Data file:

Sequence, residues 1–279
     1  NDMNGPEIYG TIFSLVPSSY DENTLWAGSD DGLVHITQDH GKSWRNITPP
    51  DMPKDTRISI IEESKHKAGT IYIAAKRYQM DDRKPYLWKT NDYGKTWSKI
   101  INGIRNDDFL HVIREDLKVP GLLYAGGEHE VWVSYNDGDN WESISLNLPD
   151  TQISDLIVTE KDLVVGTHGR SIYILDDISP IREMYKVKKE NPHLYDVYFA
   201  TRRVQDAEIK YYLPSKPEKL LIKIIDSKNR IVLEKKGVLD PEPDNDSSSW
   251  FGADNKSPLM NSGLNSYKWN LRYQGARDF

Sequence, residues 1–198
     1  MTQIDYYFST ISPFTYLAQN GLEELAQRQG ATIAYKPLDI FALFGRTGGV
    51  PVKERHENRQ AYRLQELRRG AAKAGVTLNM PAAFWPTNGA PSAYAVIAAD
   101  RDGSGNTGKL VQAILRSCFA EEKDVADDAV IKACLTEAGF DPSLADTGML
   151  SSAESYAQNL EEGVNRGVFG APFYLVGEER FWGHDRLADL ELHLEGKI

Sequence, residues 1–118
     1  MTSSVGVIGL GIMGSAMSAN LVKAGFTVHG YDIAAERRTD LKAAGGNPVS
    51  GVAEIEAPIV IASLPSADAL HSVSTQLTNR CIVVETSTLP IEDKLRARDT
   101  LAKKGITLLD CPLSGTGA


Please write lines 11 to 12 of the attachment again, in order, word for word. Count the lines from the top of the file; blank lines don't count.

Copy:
   101  RDGSGNTGKL VQAILRSCFA EEKDVADDAV IKACLTEAGF DPSLADTGML
   151  SSAESYAQNL EEGVNRGVFG APFYLVGEER FWGHDRLADL ELHLEGKI